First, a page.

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Zen and the Art of Motorcycle Maintenance: in reality a discourse on quality.

I was doubly disappointed to hear that Robert M Pirsig had died today.

  • First because his book, Zen and the Art of Motorcycle maintenance was one of the most influential that I read as a teen ager in the 1970s.
  • Secondly, I was extremely disappointed to hear his book, ‘Zen and the Art of Motorcycle Maintenance’ described as a story of a motorcycle journey: It is nothing of the sort.  Nor is it really about motorcycle maintenance or Zen.

In fact, “Zen and the Art…” is really a discourse on quality, what quality is, the search for quality, and how that search for the perfect sense of what quality is, drove a man insane.  It is also an exploration of the philosophical thinking about quality, from the Ancient Greeks to the modern day.

The motorcycle maintenance, the relationship with his son, the quality of the roads and the weather and the rides are all merely a carrier for discussions about qualities of things, or experiences and how they are perceived.  A precursor to the search for quality itself.

It is also a tale, true to the author, of how that search lead to a mental breakdown and beyond.

Two simple examples of the discussion of quality come to mind from early in the book.

At the start the author and his son are travelling with friends.  The author is on an old British bike (the model never mentioned).  His friend and their wife on a new BMW R60.  The friend’s handle bars start to slip.  The author says, simple, I will make a shim from an old aluminium can (A common trick that even I used when I rode motorcycles).  His friend is aghast.  He must go to a BMW dealer and get the proper shims for his bike.  A cut up aluminium can cannot be right.  He wants quality in assurance of the right part from the manufacturers.  The author, or course knows that the quality comes from the functionality, not the source of the component.  An aluminium shim cut from an old coke or beer can works perfectly well.  And you can’t ever see it.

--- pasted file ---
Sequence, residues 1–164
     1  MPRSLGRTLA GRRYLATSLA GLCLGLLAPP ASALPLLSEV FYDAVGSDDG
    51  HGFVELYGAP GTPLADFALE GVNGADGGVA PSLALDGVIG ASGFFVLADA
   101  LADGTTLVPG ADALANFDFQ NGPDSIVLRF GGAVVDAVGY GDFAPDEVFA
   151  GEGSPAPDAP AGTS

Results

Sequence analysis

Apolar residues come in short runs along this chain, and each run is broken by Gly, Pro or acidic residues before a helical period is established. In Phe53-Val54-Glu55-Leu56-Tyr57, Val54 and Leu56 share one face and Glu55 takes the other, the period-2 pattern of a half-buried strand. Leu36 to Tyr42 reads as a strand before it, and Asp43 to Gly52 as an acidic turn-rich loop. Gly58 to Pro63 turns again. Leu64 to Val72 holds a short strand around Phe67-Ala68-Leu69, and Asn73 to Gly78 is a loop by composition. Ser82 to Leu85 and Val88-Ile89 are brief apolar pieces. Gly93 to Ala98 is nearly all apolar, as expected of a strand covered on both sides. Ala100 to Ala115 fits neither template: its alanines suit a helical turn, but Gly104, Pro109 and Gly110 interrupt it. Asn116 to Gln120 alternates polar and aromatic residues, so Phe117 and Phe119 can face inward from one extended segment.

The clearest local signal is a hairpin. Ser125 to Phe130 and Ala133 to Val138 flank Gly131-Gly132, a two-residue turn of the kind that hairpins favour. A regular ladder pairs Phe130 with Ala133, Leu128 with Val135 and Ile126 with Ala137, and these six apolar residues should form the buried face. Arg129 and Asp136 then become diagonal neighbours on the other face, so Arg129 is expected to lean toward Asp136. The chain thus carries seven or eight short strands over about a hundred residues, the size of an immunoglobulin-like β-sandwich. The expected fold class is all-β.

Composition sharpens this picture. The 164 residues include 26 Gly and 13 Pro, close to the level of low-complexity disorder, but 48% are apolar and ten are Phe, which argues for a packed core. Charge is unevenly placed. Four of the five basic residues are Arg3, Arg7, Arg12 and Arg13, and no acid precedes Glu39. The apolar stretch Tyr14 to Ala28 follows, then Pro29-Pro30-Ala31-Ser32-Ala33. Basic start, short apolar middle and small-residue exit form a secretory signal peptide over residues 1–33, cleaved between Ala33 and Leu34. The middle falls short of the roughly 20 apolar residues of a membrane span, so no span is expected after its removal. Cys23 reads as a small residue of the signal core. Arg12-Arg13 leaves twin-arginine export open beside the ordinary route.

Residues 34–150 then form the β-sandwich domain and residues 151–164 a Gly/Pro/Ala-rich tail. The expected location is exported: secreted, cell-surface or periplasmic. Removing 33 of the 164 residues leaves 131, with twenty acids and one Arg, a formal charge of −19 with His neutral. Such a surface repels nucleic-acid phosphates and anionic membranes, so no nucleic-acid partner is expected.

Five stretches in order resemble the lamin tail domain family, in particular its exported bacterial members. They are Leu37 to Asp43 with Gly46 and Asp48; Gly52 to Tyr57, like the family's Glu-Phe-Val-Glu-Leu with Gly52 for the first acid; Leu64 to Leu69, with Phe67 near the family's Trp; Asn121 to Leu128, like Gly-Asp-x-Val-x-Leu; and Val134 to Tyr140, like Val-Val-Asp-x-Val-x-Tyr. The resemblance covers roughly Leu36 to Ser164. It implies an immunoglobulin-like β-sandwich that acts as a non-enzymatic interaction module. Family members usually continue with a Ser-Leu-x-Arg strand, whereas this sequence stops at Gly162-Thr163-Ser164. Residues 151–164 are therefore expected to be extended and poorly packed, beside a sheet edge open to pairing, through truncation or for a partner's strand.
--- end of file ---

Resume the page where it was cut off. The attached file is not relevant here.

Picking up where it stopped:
In another example, the author is disappointed to enter a garage where the mechanics are listening to pop music whilst working.  In his mind, you cannot concentrate on the feel of a task, the sense of being one with the machine, developing that empathy of the machine talking to you, knowing how to sense when a nut is tight enough (but not too tight) with that noise in the background.  (I know what he means)

If there is one insight I have from the book, it is that you can define quality.  It is simple, ask for the qualities of the object.  However, ‘Quality’ as an abstract concept is much, much, harder to define.  Why, because there is no point of reference.  That is why, asking people to define quality is a trick question.  The answer to which is, to refer to the qualities that you are looking for.

The emotional breakdown that Phaedrus (the author before the breakdown, as we reach the second part of the book) goes through and the effect on himself and his family is tragic.  In real life Robert Pirsig’s son, Chris, who shared the journey, was stabbed to death in a mugging in 1979.  This is talked about in the later editions of the book. I only discovered this because I replaced my original that I gave away, heavily thumbed, to a German scientist I met and with whom I discussed the book at length.  I think I am on my third copy, the 40th anniversary edition.

Given how much “Quality” is talked about as an abstract in business and management, sometimes without the depth of thought behind it, to me this book cuts through all of that.  It would do much good were more people who talked about quality were to read, and study, this book.

To me this is a book to be studied.  Ignore the title, or take it with a pinch of salt.  Zen and the Art is possibly the finest modern discourse on quality you can read.  It is not short.  It is not about motorcycle maintenance, nor is it about art or Zen.  It is a quality read in many senses of the word.

Thank you Robert M Pirsig.  May you rest in peace.